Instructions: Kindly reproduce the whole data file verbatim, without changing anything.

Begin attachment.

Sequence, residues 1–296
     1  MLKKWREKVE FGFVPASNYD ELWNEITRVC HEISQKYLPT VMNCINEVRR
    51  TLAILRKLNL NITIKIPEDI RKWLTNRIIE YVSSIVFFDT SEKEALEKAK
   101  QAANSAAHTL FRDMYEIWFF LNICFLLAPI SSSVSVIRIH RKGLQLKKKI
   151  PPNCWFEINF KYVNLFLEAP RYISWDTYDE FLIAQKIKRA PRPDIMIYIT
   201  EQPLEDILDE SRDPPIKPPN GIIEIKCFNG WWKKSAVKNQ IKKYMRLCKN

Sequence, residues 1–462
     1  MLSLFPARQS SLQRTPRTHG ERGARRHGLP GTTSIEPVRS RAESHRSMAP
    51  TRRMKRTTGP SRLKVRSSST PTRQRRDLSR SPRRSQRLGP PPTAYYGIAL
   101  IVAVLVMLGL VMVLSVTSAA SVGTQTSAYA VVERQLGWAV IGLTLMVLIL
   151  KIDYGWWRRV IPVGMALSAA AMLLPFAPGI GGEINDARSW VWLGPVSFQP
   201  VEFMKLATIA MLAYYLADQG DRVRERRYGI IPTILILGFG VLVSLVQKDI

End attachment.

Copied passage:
Sequence, residues 1–296
     1  MLKKWREKVE FGFVPASNYD ELWNEITRVC HEISQKYLPT VMNCINEVRR
    51  TLAILRKLNL NITIKIPEDI RKWLTNRIIE YVSSIVFFDT SEKEALEKAK
   101  QAANSAAHTL FRDMYEIWFF LNICFLLAPI SSSVSVIRIH RKGLQLKKKI
   151  PPNCWFEINF KYVNLFLEAP RYISWDTYDE FLIAQKIKRA PRPDIMIYIT
   201  EQPLEDILDE SRDPPIKPPN GIIEIKCFNG WWKKSAVKNQ IKKYMRLCKN

Sequence, residues 1–462
     1  MLSLFPARQS SLQRTPRTHG ERGARRHGLP GTTSIEPVRS RAESHRSMAP
    51  TRRMKRTTGP SRLKVRSSST PTRQRRDLSR SPRRSQRLGP PPTAYYGIAL
   101  IVAVLVMLGL VMVLSVTSAA SVGTQTSAYA VVERQLGWAV IGLTLMVLIL
   151  KIDYGWWRRV IPVGMALSAA AMLLPFAPGI GGEINDARSW VWLGPVSFQP
   201  VEFMKLATIA MLAYYLADQG DRVRERRYGI IPTILILGFG VLVSLVQKDI